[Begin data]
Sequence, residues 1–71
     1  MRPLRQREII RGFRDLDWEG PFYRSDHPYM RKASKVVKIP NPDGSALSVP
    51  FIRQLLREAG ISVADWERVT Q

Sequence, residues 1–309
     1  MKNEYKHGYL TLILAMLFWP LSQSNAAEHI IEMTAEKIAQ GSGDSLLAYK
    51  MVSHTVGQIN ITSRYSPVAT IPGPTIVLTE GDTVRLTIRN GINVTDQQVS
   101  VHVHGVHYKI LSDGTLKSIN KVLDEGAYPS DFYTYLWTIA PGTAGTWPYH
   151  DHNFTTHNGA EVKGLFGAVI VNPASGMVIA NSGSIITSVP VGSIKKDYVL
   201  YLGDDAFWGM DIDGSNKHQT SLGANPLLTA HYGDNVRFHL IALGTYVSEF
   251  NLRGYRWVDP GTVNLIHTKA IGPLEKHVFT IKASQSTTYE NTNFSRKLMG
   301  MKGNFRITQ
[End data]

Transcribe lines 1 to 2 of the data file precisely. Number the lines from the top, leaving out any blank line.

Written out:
Sequence, residues 1–71
     1  MRPLRQREII RGFRDLDWEG PFYRSDHPYM RKASKVVKIP NPDGSALSVP